U.S. says ready to work past deadline for Iran nuclear deal if needed
The United States said it was prepared to work past a midnight deadline into Wednesday if progress was being made towards clinching a preliminary nuclear deal between Iran and global powers.
Negotiations appeared to be bogged down on an outline agreement aimed at curbing sensitive Iranian nuclear activities, while officials cautioned that any agreement would likely be fragile and incomplete.
“Our team is evaluating where we are throughout the day and making decisions about the best path forward,” a senior State Department official said, speaking hours before the self-imposed March 31 deadline was due to expire.
“We will of course keep working if we are continuing to make progress, including into tomorrow if it’s useful to do so.”
A Western diplomat indicated that the talks were still focused on crucial sticking points.
For nearly a week, the United States, Britain, France, Germany, Russia and China have been trying to break an impasse in the talks, which are aimed at stopping Iran from gaining the capacity to develop a nuclear bomb in exchange for easing international sanctions that are crippling its economy.
But disagreements on enrichment research and the pace of lifting sanctions threatened to scupper a deal that could end a 12-year standoff between Iran and the West over Tehran's nuclear ambitions and reduce the risk of another Middle East war. Iran says its nuclear program is peaceful.
“The two sticking points are the duration and the lifting of sanctions,” an Iranian official said. “The two sides are arguing about the content of the text. Generally progress has been made.”
Officials played down expectations for the talks in the Swiss city of Lausanne.
For days they have been trying to agree on a brief document of several pages outlining headline numbers to form the basis of a future agreement. Officials said they hoped to be able to announce something, though one Western diplomat said it would be “incomplete and kick some issues down the road”.
Officials said they were hoping to agree on some kind of declaration, while any actual preliminary understanding that is agreed might remain confidential.
It was also possible they would not agree on anything.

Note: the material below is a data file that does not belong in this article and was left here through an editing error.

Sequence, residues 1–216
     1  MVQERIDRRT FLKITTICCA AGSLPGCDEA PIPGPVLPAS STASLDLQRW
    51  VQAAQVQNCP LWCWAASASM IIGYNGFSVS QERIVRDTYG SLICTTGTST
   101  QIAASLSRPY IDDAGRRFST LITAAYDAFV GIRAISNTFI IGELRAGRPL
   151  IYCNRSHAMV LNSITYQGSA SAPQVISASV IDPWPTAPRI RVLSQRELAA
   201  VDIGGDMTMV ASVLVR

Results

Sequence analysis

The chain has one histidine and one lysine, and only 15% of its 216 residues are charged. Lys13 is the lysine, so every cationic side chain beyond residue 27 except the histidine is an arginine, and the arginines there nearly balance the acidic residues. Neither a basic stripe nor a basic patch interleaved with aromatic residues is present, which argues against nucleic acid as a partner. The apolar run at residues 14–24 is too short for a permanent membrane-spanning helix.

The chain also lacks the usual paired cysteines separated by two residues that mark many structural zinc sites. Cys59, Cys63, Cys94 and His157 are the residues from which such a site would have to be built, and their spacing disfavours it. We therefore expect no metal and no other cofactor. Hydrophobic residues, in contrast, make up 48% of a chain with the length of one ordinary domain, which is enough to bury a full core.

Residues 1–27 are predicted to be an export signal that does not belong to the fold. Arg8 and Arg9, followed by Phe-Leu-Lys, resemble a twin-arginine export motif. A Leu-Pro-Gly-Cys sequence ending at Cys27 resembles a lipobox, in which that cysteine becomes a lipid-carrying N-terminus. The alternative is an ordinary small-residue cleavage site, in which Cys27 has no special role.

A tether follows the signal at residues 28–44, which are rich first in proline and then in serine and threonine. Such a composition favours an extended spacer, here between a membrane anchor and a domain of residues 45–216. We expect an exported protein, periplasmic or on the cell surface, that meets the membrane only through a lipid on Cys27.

“We are preparing for both scenarios,” another Western diplomat said.
Officials, who were shuffling from plenaries to bilateral meetings as the midnight deadline approached, said talks on a framework accord, intended as a prelude to a comprehensive agreement by the end of June, could yet fall apart.
Speaking in Berlin with German Chancellor Angela Merkel, French President Francois Hollande said it would be better to have no deal than a bad deal.
A deal on Iran's nuclear program would almost certainly lift sanctions only in stages, deferring even a partial return of Iranian crude exports until at least 2016. Sanctions have halved Iran's oil exports to just over 1 million barrels per day since 2012 when oil and financial sanctions hit Iran.
Brent crude oil dropped towards $55 a barrel on Tuesday as talks entered the final day of a deal that could see the energy-rich country increase oil exports to world markets.
The real deadline in the talks, Western and Iranian officials said, was not Tuesday but June 30.
They said the main sticking points were the removal of U.N. sanctions and Iranian demands for the right to unfettered research and development into advanced nuclear centrifuges after the first 10 years of the agreement expires.
Iran said the key issue was lifting sanctions quickly.
“There will be no agreement if the sanctions issue cannot be resolved,” Majid Takhteravanchi, an Iranian negotiator, told Iran's Fars news agency. “This issue is very important for us.”
The six powers want more than a 10-year suspension of Iran's most sensitive nuclear work. Tehran denies it is trying to develop a nuclear weapons capability.
Russian Foreign Minister Sergei Lavrov said that he believed there was a good chance of success.
“The odds are quite 'doable' if none of the parties raise the stakes at the last minute, he told reporters in Moscow before returning to Lausanne.
Both Iran and the six have floated compromise proposals, but Western officials said Tehran has recently backed away from proposals it previously indicated it could accept, such as on shipping enriched uranium stocks to Russia.
Officials said dilution of the stockpiled uranium was an option, saying that the stockpiles issue was not a dealbreaker.
The goal of the negotiations is to find a way to ensure that for at least the next 10 years Iran is at least one year away from being able to produce enough fissile material for an atomic weapon. In exchange for temporary limits on its most sensitive atomic activities, Tehran wants an end to sanctions.
Iran and the six powers have twice extended their deadline for a long-term agreement, after reaching an interim accord in Geneva in November 2013.
The U.S. Congress has warned it will consider imposing new U.S. sanctions on Iran if there is no agreement this week, giving a sense of urgency to the talks.
“With Congress, the Iranian hawks and a Middle East situation where nobody's exactly getting on, I'm not convinced we'll get a second chance if this fails,” a senior Western diplomat said.
U.S. President Barack Obama has threatened to veto any sanctions moves by the Republican-dominated Congress.
In Jerusalem, Prime Minister Benjamin Netanyahu reiterated Israel's concern that an agreement would fall short of guaranteeing its safety.
The framework agreement would leave Iran with the capability to develop a nuclear weapon in under a year, said Netanyahu, whose country is believed to have the Middle East's only nuclear arsenal.